In the new media wave, especially for former athletes, Andrew Hawkins is that dude. He embodies the mantra that Uninterrupted (one of the many companies he gets checks from) stands for.
More than an athlete. He is an executive, a host, an on-camera personality, confidant and advice giver, and a certified comedian in the digital space. I'm sure I'm missing something.
You may say, well this guy had every opportunity in the world to be successful. Not exactly. Hawk, played college ball at Toledo, went undrafted, played his way from the CFL to the Browns and Bengals (not exactly perennial winning franchises), and still found a way to have success when he retired.
Hawk went into detail on how he went about it on the most recent episode of Bussin' with the Boys.
There are so many lessons to be learned from the blueprint he created.
First, Hawk took advantage of his time playing in the NFL and planted seeds, building relationships long before he would ever need them. Every offseason, he would buy 50-100 game jerseys, and send a signed jersey with a handwritten note to people he looked up to, wanted to get advice from, or maybe people he just wanted to get coffee or lunch with to get to know more. Just like sending those thank you notes your mom always pestered you about, it paid off--literally. Hawk noted that "those relationships [he] built through that are still what keeps [him] afloat to this day Because people remember how you treated them when you were on top."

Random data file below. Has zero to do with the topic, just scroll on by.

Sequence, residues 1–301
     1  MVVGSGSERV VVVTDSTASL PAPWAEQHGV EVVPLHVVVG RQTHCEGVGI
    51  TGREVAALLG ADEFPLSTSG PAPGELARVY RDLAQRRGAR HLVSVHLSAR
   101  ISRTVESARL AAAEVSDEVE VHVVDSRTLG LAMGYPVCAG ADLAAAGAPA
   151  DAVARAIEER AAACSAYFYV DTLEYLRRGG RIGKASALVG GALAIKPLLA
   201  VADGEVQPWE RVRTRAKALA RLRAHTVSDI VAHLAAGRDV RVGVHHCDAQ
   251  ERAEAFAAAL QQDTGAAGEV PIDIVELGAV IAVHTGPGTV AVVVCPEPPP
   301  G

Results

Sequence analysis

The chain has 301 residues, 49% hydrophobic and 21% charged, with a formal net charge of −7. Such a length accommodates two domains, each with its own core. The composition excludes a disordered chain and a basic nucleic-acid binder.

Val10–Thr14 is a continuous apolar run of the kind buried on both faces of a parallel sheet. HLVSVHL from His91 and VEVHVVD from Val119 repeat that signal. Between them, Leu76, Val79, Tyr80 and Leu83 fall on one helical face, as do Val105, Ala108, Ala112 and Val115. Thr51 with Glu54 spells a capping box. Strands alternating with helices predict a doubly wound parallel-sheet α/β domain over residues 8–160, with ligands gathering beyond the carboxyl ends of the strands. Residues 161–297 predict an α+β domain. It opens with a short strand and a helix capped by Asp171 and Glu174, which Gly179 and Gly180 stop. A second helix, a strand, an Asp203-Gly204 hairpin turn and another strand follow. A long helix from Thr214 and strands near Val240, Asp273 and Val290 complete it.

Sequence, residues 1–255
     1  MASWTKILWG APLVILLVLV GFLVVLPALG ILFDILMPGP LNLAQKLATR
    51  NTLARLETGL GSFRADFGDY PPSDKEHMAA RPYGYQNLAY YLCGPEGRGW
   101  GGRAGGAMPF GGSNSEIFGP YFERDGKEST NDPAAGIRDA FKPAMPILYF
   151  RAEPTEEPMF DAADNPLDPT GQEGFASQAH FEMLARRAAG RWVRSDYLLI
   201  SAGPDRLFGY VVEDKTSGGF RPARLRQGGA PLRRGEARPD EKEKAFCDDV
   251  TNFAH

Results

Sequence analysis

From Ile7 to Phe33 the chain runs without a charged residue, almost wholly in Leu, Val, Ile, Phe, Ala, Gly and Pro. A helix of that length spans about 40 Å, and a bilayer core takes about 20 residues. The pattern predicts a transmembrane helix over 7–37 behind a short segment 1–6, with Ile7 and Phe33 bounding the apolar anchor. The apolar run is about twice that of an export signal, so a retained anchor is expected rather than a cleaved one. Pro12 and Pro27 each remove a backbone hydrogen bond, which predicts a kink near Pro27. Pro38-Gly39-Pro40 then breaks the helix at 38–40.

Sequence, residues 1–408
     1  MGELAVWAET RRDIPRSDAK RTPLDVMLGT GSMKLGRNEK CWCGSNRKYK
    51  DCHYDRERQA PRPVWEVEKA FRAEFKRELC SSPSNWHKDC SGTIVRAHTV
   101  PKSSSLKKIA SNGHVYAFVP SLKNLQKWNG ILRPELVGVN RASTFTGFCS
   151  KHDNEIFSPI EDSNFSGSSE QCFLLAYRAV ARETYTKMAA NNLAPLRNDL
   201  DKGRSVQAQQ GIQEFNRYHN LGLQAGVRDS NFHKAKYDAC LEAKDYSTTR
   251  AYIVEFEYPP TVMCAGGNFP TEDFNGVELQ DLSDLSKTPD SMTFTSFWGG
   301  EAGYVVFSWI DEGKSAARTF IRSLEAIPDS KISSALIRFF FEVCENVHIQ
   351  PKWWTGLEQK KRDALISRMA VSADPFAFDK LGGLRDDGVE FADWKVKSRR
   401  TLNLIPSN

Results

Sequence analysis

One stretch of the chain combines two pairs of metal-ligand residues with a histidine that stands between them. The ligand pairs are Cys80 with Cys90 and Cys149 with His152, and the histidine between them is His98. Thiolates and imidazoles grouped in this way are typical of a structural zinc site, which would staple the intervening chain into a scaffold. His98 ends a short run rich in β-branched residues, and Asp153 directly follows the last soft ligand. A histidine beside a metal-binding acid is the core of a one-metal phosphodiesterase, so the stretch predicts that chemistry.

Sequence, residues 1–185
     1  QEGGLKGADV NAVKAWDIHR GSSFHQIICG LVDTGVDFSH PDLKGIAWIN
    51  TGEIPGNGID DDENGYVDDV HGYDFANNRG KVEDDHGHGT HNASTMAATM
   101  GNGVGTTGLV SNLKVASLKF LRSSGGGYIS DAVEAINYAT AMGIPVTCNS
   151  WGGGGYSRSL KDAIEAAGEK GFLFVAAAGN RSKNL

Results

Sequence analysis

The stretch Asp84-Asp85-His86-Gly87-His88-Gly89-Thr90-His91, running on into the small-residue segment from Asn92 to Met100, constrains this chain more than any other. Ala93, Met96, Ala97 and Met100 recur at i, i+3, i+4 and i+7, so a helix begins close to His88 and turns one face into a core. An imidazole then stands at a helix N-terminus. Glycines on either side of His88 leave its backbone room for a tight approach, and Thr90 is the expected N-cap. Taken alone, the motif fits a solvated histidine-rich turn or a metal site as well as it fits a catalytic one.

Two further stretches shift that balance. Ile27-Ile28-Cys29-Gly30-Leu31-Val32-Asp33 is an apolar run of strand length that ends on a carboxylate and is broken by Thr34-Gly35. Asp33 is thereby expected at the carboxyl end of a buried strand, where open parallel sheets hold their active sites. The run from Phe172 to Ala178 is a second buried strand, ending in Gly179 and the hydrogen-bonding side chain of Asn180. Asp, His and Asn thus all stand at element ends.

Most influential people are used to being hit up for something. Can you get me a job? Can you introduce me to so and so? Can you invest in my project?
Take. Take. Take.
What Hawk did was rare. He established rapport when there was a balance in the hierarchy. These people LOVED that a starting NFL receiver would make such a gesture and wanted to connect. If he would have done that AFTER he retired, it would have looked desperate and tacky. It would have also been fake.
The second brilliant thing that Hawk did, (sort of a similar move) was to start working towards his post-NFL career while he was still playing. Hawk spent two years convincing Maverick Carter of the value he’d bring to Uninterrupted. Mav brought him on as the company’s first intern. Hawkins refused to take payment. Instead, he wanted to show his value and just learn the business of sports digital media, all while he was taking classes in New York to get a Master's degree and training for the upcoming season.
Once Hawk retired, there was a job waiting for him at Uninterrupted in an executive role and later, he got the opportunity to be in front of the camera as well.
"I never thought I was going to be able to be in media. I never won a Super Bowl. I played for the Bengals and Browns. I never made it to the Pro Bowl. I came into the league from a reality show in Canada. So I thought it was never going to happen."
He was wrong.
The lesson? Your status, background and accolades only help so much. What truly will propel you into a new field is your preparation, cultivation of relationships, and personality. In a crowded space like sports media, that will be the difference.
Don't talk about it. Be about it. Hawk is a perfect example of someone who was both very aware of the present, but also cognizant of where he wanted to be in the future. He used one to leverage the other.
The entire interview with the Boys is well worth listening to in its entirety.